« السابقةمتابعة »
pains and penalties of law, forbids any person to enter or leave said place, or to approach near any railroad train or depot ground, or the reception or discharge at this place by any train of any passenger or employe, without a special permit from this board, and forbids any person afflicted with this disease to go upon or near any street, alley or other public road or way. This quarantine to be in force from this date until raised. "By order of the board:
"J. M. MATHEWS, M. D., President. "J. N. McCORMACK, M. D., Secretary.”
The authorities at once inaugurated proper measures for combating the disease and it was at once brought under control and the quarantine raised on May 3d following.
During the past two years the board is happy to state that owing to the larger experience of the local boards and the growing harmony between them and the fiscal courts, a much smaller number of cases of smallpox occurred. We note with special pleasure from the subjoined reports that the number of cases from each original focus is much smaller, indicating that diagnoses were made earlier and that local health authorities were much more prompt in vaccinating and re-vaccinating those exposed to the disease.
In nearly one-third of the counties our suggestion to put the county health officers upon an annual salary has been adopted with great satisfaction to all concerned. It has not only prevented misunderstandings about fees and greatly increased the efficiency of the county boards, but has greatly lessened the expenses of management as a consequence. In such counties upon the appearance of the first case the responsibility is upon the health office alone, as it should be, and having nobody to consult, and no occasion or excuse for delay, the disease can usually be confined to the first case or family, and at only a nominal expense. In other counties where different ideas have prevailed, the health officer was hindered and embarrassed for funds for meeting actual expenses for food, nurses and guards, and by the knowledge that he would have trouble in receiving compensation for his time and labor, and often so dreaded the contention and abuse incident and to follow the efficient discharge of his duties that they were avoided or neglected until the disease had gained a strong foothold, and an expensive and entirely avoidable epidemic had to be faced.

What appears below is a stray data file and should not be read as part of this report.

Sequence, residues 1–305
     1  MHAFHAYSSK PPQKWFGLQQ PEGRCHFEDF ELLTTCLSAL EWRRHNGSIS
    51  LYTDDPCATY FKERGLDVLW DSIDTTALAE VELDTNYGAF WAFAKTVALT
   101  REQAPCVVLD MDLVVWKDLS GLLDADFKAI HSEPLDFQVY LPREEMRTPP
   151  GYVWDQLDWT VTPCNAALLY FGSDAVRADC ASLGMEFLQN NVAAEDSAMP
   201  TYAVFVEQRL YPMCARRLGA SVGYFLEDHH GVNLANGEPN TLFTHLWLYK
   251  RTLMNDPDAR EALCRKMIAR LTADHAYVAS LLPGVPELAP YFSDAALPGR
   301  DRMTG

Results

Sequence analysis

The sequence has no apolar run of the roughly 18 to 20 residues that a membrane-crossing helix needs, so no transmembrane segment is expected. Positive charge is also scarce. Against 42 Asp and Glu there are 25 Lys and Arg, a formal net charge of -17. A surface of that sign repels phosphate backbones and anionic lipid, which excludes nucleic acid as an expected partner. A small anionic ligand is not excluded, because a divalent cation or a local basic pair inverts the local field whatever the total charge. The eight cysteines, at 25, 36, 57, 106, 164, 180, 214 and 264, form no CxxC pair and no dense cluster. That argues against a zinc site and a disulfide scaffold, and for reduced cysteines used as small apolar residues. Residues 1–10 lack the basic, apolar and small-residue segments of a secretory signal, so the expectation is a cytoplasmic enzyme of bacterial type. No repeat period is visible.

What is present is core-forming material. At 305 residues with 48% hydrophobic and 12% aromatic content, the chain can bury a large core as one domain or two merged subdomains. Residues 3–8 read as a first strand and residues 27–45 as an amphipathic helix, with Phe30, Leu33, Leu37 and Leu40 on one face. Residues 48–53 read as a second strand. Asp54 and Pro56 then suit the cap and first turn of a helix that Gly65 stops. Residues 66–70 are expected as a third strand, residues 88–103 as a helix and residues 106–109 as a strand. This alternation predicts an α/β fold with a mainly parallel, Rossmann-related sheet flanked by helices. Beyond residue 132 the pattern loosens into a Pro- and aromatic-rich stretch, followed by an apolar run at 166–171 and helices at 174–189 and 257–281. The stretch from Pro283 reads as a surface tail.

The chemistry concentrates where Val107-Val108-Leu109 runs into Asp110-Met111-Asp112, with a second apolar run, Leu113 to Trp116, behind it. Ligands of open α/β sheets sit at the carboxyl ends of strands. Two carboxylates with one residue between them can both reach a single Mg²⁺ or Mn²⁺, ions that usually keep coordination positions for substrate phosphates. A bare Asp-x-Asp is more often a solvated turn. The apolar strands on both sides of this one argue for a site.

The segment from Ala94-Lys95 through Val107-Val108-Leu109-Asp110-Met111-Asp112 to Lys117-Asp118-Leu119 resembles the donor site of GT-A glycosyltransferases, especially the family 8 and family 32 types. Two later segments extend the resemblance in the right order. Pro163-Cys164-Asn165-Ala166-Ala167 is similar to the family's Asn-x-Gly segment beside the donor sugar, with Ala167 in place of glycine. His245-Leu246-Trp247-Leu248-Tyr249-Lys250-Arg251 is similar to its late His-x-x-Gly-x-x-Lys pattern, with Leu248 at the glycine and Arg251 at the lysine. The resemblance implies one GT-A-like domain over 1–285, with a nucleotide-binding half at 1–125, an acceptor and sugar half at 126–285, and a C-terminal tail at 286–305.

In this connection a summary of the facts contained in the reports from the county and municipal boards will be of interest. Within the two years there has been a total of 3,410 cases of smallpox aud 96 deaths reported in the State as against 10,180 cases and 116 deaths in 1902-1903, and 11,279 cases and 184 deaths in 1900-1901. The total expense of management in the past two years was $80,939.69 or $23.73 per case, as against $308,271, or $27.30 per case in 1900-1901. Much interesting and valuable data is developed in the reports which are appended.